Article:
The system has shown signs of success, with response times to incidents dropping 12 percent between 2010 and 2013, from an average of 20 minutes and 39 seconds to 18 minutes and 10 seconds. According to Urrea, this has reduced the danger of secondary collisions and reduced congestion caused by incidents.
Police officers work out of a room next door to the Photo-Detection Center.
The second nerve center is the Photo-Detection Center, which compliments the work of on-the-ground traffic police, acting as a first set of eyes to identify traffic infractions, with agents using sensors and 40 cameras to monitor 70 traffic hotspots. According to Natalia Londoño Guerra, the operations manager of the Photo-Detection Center, the equipment helps to identify 5,000 to 6,000 potential offenses each day, of which around 1,200 are corroborated as infractions by a team of police officers who work out of an office next door.
Centralized traffic control systems like this one are popping up in cities around the world, most notably in Rio de Janeiro, where an I.B.M.-built command center monitors traffic (as well as crime, weather, and dozens of other urban concerns) 24 hours a day. That project has drawn a mix of praise and criticism, with naysayers arguing that Rio’s underlying infrastructural problems won’t simply be solved with dazzling arrays of flat-screen TVs.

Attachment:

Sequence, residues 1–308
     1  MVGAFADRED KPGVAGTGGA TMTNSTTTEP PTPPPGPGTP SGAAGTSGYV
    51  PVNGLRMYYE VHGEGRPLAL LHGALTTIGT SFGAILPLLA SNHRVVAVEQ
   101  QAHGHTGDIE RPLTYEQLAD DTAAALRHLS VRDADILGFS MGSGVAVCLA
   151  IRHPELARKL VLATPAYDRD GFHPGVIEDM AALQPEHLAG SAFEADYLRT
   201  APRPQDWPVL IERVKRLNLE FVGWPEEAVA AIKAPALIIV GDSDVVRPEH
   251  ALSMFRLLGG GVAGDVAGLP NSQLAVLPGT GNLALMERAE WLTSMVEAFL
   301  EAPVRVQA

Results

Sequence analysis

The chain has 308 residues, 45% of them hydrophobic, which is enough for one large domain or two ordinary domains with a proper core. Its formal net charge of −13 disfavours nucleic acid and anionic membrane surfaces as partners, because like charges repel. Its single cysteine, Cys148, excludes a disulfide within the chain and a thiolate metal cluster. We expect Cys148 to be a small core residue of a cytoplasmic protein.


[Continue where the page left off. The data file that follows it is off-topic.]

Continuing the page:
But officials in Medellin say that the effectiveness of their center is measurable, with 40,000 incidents detected each month in addition to the 15,000 detected by traffic police both before and since the center was launched. According to Londoño, the center has led to a marked improvement in the driving culture of the city, with only three of every 1,000 vehicles committing an infraction, compared to two of every 100 when the center first began operations.
“This has contributed a lot to the city because now the people understand, through the use of this technology, they must respect the rules of the roads,” says Londoño. “It is in part so effective because it has hit drivers in their pockets.”
But according to Londoño, the effect has not just been felt around the hotspots being monitored, but throughout the city, with a significant drop in accidents resulting from drivers exceeding speed limits. The system has also spurred a decline in the culture of invading pedestrian space, such as idling in crosswalks at red lights. And the entire system is set to expand. Thirty-two more cameras will soon be installed, bringing the Control Center’s total to 80. The Photo-Detection Center, meanwhile, is equipped to handle up to 200 cameras; that number is also projected to grow this year.
What’s more, the whole system is integrated into the city’s other traffic programs, such as the expansion of the metro line and implementation of bus systems linking areas of the city not currently served by the metro, which Secretary for Mobility Hoyos says is key to effecting change in the driving culture, not just from a safety perspective, but also an environmental one.
“This (integration) is going to allow a future of mobility and mass transport,” says Hoyos. “It is going to allow for a better life and safer future for Medellin and its people.”
Photos courtesy the Secretaria de Movilidad de Medellin